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Posts Tagged ‘Huguenots

Decapitated French king Louis 16: Probably the best king the French failed to value

Talleyrand said during the revolution that culminated in a period of utter Terror: “The French had no idea that in the Regency, in their long history, they never had it so well and lived that well” 

Louis 16 succeeded to his infamous grandfather Louis 15. Louis 16 is another case of orphaned kid: his mother died when he was 10 and his elder brother died at the age 14.

During his upbringing, he was not taken care of and mostly ignored by his grandfather, his aunts and his sisters. They all considered that his elder bother and even his 2 younger brothers to be far more brilliant and capable for ruling.

The British David Hume esteemed greatly the precocious intelligence of this future king when he saw him as kid. Ben Franklin would describe Louis 16 kindness as “His eyes expressed the milk of human tenderness.

When Louis 15 died, in the most horrible of deaths by measles, Paris celebrated and all joints opened their doors for this happy great news. As they celebrated when Louis 14 died. Two successive rules of lapidating the treasury and engaging in frequent wars had exhausted the French citizens.

Louis 15 was the epitome in ineptitude. He reigned for 59 years, the longest of any monarch in history, and he spent his life fucking little girls of less than 14 years old that the various noble and immoral classes and institutions offered to him in order to keep him busy.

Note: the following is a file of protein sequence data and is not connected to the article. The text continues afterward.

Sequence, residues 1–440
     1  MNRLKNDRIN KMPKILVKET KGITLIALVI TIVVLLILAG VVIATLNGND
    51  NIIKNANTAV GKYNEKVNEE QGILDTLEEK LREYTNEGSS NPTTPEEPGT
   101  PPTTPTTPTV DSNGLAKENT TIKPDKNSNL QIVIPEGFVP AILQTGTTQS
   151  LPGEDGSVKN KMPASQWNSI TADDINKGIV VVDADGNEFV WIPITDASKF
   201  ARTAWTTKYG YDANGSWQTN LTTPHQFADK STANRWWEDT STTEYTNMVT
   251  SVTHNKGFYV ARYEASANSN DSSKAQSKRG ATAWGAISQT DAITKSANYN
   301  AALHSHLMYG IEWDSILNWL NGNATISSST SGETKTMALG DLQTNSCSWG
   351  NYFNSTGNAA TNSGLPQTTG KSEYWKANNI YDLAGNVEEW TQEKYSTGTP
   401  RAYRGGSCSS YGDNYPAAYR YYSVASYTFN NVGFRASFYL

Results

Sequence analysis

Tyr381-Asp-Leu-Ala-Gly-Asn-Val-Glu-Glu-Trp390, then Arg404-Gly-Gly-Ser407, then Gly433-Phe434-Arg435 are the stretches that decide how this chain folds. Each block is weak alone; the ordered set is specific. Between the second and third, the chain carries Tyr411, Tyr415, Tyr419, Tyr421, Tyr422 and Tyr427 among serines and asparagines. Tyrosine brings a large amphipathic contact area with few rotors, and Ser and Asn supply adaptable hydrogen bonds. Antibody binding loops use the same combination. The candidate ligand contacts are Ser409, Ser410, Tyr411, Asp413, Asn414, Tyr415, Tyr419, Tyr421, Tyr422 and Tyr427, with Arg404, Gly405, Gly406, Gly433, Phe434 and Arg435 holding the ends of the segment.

The girls stayed prisoners until they gave birth and were sold at high prices for noblemen.

Louis 15 lost the French colonies in India and Canada to England and signed the humiliating treaty to end the 7-year war with terms that weakened the French navy to its minimum and other trade imbalances.

Louis 15 is famous for instituting the “Black cabinet“, the secret service agency or “”Secret du Roi” that was located in Versailles close to his bedroom apartment. This agency was constituted of 32 members and was headed successively by Prince Conti, Jean-Pierre Tercier and Marshal de Broglie.

This secret service agency figured out ways to tacitly ship weapons to the new American insurgents.

This secret agency ran havoc in Europe by controlling, managing and creating events, scandals and subversive situations.

This most inept king stank awfully for 10 days and only his 3 sisters were permitted to care for his decaying body. The body was placed in a double lead box containing chaux to prevent the nauseous smell from emanating. The convoy avoided crossing Paris and was buried silently.

Prime minister Choiseul ruled unperturbed for 12 years. Russia Catherine II referred to him as Ëurope coachman” and the Queen of Austria adulated him for arranging the marriage of her daughter Marie-Antoinette to the French Dauphin, in direct line for succession.

This astute and dynamic minister wrote about his monarch Louis 15:

“His was the most inept of a person. A soulless and without spirit man. He loved making harm as little kids love to make animals suffer. He lacked any kinds of vigor to make decisions and his vanity was incomparable. He knew he had no potential for anything and totally inconsequential and let his ministers and sweethearts rule the kingdom.

Louis 15 believed that his amorous activities solidified his authority. He believed that everyone must obey his current sweetheart and mistress because she was honoured by his intimacy…”and on and on

Louis 16 was officially sacred absolute monarch in June 1775 at Reims. He went through the traditional motion of touching 2,400 patients, a touch that should heal many of the sick persons.

His first decision was to lock up the latest mistress of Louis 15, Madame du Barry, in a monastery. She was later beheaded by the revolutionaries in 1792.